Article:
A nice thing about baseball is that you usually don't have to wait long for a chance to redeem yourself. Strike out with the bases loaded in the sixth and you get another chance in the eighth to rewrite the story of your day. Just ask Alex Rodriguez how quickly things can change. Entering the World Series, there's no member of the Yankees more in need of changing the story than Joe Girardi.
Girardi did not have a good series against the Angels. Both of the team's losses were marked by crucial decisions that backfired on the manager, and in each case the decision hinged on Girardi trying for a scant statistical advantage over letting his best players play and seeing what happens. This Yankee team isn't one that needs to squeeze out runs by drips and drabs, they don't need to bunt very often and need to use pinch runners far less than Girardi seems to think they do. They are built on getting on-base and hitting for power, two things that happen without any machinations from the dugout.
That's the biggest problem with Girardi's approach. He has a need to impose himself on every game, instead of allowing talented players to win or lose on the field. Because the team is so good, it's easy to ignore those things in the regular season but the playoffs magnify every decision.
His work with the pitching staff belongs in a harsh spotlight, particularly his penchant for burning through two or three relievers in an inning. There was often a clear reason -- lefty vs. lefty, for example -- but in other times he seemed to be putting too much stock in a statistical breakdown of how a hitter fared against curveballs and not enough in seeing how well his current pitcher was throwing.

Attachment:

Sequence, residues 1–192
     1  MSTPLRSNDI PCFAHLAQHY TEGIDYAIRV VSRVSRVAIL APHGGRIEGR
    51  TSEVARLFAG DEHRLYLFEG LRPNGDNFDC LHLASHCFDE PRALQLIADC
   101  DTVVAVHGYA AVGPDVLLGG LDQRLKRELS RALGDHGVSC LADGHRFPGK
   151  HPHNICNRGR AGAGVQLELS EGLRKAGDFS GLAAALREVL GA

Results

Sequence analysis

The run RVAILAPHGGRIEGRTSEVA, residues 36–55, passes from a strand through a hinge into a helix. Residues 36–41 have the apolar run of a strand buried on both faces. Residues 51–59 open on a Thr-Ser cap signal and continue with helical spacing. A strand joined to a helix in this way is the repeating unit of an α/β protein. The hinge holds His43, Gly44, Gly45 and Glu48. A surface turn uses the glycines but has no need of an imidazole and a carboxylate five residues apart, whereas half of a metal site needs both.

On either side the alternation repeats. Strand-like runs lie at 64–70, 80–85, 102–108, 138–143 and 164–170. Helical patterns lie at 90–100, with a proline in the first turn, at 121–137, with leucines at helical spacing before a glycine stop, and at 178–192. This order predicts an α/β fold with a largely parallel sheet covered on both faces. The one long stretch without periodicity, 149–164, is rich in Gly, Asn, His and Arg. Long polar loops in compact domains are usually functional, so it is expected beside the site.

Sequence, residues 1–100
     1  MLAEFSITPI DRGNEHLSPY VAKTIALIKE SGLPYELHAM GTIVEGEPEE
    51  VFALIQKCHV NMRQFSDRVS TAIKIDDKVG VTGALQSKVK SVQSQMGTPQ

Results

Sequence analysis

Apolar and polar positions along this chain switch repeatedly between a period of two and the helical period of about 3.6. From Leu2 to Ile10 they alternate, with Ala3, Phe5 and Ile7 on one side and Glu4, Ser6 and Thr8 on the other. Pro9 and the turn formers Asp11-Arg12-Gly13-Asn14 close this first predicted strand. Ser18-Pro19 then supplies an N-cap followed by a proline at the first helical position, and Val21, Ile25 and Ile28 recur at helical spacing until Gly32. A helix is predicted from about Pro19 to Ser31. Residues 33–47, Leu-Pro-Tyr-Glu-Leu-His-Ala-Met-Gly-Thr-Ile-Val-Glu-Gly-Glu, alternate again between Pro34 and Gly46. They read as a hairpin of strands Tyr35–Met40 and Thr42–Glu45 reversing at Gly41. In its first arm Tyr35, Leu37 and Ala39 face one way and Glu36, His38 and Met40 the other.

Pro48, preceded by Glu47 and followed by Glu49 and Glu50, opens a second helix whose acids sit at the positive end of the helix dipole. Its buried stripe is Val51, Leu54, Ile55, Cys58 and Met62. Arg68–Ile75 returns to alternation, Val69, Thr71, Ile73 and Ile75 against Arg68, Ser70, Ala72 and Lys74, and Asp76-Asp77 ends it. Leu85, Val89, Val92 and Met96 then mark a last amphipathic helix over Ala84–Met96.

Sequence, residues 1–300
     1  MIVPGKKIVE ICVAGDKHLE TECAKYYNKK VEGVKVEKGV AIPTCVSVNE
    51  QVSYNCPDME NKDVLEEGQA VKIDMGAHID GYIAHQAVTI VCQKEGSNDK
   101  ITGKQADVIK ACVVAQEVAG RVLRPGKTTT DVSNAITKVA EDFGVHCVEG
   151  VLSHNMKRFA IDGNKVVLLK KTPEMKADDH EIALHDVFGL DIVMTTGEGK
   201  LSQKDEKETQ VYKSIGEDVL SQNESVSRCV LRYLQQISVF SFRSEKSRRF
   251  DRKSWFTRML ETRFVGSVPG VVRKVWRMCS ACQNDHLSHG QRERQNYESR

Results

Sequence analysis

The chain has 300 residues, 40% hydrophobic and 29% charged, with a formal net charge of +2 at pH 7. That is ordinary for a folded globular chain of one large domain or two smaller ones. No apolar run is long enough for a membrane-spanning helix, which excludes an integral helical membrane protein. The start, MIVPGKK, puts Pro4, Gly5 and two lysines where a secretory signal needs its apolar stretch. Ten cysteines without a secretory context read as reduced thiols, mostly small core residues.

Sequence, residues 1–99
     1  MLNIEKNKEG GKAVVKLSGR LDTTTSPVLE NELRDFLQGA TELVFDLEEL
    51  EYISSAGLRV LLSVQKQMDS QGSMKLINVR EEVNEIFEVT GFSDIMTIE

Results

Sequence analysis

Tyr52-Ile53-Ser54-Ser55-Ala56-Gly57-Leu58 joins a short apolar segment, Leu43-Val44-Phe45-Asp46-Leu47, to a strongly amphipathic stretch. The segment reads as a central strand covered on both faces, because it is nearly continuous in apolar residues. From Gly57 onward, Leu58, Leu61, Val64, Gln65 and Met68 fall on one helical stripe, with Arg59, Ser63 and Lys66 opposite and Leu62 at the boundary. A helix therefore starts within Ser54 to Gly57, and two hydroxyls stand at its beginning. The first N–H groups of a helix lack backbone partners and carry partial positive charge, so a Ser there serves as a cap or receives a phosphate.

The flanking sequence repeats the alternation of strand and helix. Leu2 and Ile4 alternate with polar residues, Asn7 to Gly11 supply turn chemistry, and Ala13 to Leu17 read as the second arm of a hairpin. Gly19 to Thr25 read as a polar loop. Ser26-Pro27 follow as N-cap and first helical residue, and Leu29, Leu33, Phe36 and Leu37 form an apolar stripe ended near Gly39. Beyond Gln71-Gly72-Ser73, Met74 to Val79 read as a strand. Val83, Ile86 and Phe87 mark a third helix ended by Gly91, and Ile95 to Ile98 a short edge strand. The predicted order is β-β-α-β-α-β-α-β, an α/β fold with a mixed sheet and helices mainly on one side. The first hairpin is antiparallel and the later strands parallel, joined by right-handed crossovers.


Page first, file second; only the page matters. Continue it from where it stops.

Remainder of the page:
He can't do that against the Phillies. Their lefty hitters, outside of Ryan Howard, are no worse against southpaws than righthanders which means that Girardi needs to trust his pitchers to get them out without making a zillion changes everytime they face the middle of the lineup. If he's actually been paying attention to the games, that should mean a steady dose of David Robertson.
The young righty has been used only as a last resort in the postseason, but he's pitched much better than Joba Chamberlain down the stretch and in October. He's also done very well against lefthanders throughout the season, which makes him a perfect choice to stare down Raul Ibanez and Chase Utley in later innings. It seems like a no-brainer, but Girardi's infatuation with using Joba has shown no signs of stopping even as his performances have failed to justify the faith the team has in him.
The Yankees have such a talented team that they were able to overcome Girardi's missteps in the ALCS, but there's reason to believe they will get tripped up by them if they continue. Just think back to 2003 when Joe Torre's mistakes handed a crucial win to the Marlins en route to losing the series.
Will the leopard change his spots? It's not too likely that he will at this point in the season, and if the Yankees lose Girardi will likely be a big reason why.